Name: Laurence Fink Born: 1952Company: BlackRock Inc.Position: Chairman and CEOPrevious roles: Director of BlackRockEducation: Bachelor of Arts (1974) from UCLA and MBA (1976) from UCLA Anderson School of ManagementQuote: "I've personally said I would be 100 percent in equities. That fits my own risk profile, though obviously it's not appropriate for everyone."
Laurence Fink -- CEO of BlackRock -- once lost around $100 million on an interest rate prediction and left First Boston unceremoniously, ostracized and humiliated. But decades later, some of the country's brightest minds turned to Fink for financial advice when the U.S. economy was in dire straits.
His story is that of a phoenix's: crushing burnout followed by unprecedented success. Few business leaders experience the lows or highs of Fink, who plays large hands in a high-stakes industry. Despite his occasional missteps, this son of a shoemaker now oversees over $3.5 trillion, prompting New York magazine to describe him as "one of, if not the, most powerful people in finance today."
After graduating from business school, Fink started his career with the investment bank First Boston. He quickly distinguished himself as one of Wall Street's first mortgage-backed securities traders. As a leader of the taxable fixed-income division, Fink demonstrated his tolerance for tremendous responsibility when he oversaw trading and distribution of all corporate, government and mortgage securities. Not one to settle for simply inheriting positions, he began the financial futures and options group, demonstrating a desire to create his own path. Over time he contributed $1 billion to First Boston's bottom line.
But this insatiable drive didn't always take him in the right direction. He also lost the company around $100 million from his erroneous prediction that interest rates would rise. Based on Fink's calculations, his traders established substantial positions in the market to benefit from the anticipated ascent. When interest rates suddenly dropped, Fink was publicly humiliated and essentially forced out of the company. A shadow of doubt and uncertainty loomed over this period of his career. Fink admitted, "I was losing my self-confidence."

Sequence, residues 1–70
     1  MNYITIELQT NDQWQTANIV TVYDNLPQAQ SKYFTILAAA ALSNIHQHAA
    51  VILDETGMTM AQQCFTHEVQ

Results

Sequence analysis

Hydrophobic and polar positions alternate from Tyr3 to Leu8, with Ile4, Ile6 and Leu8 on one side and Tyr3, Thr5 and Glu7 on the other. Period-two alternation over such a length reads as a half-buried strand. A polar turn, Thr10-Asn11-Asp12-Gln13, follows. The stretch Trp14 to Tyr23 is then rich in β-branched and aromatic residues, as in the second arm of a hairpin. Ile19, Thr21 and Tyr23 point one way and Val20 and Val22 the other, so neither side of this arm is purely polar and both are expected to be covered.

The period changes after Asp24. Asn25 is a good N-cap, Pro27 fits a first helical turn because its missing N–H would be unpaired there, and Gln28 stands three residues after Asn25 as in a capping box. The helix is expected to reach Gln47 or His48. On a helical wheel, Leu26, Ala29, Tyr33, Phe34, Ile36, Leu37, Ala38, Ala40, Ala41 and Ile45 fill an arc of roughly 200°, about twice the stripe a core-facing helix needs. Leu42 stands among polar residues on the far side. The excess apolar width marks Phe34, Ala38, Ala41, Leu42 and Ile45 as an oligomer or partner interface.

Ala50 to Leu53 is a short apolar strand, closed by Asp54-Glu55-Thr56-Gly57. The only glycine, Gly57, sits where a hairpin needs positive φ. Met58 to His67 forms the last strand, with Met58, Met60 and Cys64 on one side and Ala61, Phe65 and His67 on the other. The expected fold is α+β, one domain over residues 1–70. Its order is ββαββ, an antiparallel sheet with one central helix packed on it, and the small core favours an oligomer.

In 1988, Fink co-founded what would become his most notable project, BlackRock, using seed money from the Blackstone Group. BlackRock began operations as a bond-investment company in a small rented office on Bear Stearns' bond-trading floor.
BlackRock, now the world's largest asset management firm, grew at an impressive rate and went public in 1999. Fink led the corporation to purchase State Street Research & Management Co. and merge with Merrill Lynch, effectively doubling BlackRock's portfolio for asset management. Under Fink's leadership, perhaps most notably, BlackRock obtained Barclays' global asset-management business. With this purchase, BlackRock became the world's biggest money-management firm.
Fink's leadership garnered respect from the same financial establishment that once shunned him. But the admiration didn't come from the people he passed in the First Boston hallways--it came from the economic elites. Fink helped negotiate the resignation of the New York Stock Exchange's CEO, Richard Grasso, demonstrating the recognition and trust Fink received from the old guard. During the late-2000s financial crisis, the major CEOs of Wall Street--Jamie Dimon, John Mack, Robert Willumstad--all turned to Fink for guidance.
This isn't to say that Fink's BlackRock career was blemish-free. In 2006, Fink purchased a housing complex in Manhattan for $5.4 billion, and this massive real estate deal lost BlackRock clients millions when the complex defaulted.